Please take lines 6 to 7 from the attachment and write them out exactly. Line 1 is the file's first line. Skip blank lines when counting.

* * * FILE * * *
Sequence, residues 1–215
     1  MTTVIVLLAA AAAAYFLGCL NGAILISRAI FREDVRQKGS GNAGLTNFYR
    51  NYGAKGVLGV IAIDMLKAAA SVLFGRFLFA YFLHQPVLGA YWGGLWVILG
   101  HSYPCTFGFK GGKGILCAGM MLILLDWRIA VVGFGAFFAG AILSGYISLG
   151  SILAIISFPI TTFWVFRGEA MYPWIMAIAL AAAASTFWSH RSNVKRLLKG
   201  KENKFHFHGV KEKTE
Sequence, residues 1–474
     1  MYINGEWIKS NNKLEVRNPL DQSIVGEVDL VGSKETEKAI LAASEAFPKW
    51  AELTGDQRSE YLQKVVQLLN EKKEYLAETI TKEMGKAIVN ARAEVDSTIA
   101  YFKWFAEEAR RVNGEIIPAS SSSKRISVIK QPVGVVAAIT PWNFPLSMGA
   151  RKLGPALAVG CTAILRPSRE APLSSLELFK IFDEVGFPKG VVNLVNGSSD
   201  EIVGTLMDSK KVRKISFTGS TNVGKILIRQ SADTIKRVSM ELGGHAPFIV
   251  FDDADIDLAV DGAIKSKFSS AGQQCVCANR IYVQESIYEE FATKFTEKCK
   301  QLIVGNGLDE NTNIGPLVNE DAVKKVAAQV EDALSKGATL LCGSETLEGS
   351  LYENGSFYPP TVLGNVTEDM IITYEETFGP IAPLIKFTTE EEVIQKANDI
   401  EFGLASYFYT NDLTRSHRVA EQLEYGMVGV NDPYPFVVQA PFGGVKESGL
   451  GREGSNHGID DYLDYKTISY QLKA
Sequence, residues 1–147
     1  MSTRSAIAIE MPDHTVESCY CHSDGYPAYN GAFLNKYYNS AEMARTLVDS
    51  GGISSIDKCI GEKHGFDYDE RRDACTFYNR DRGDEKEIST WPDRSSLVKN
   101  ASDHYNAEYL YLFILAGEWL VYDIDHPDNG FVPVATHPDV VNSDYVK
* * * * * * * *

   201  KENKFHFHGV KEKTE
Sequence, residues 1–474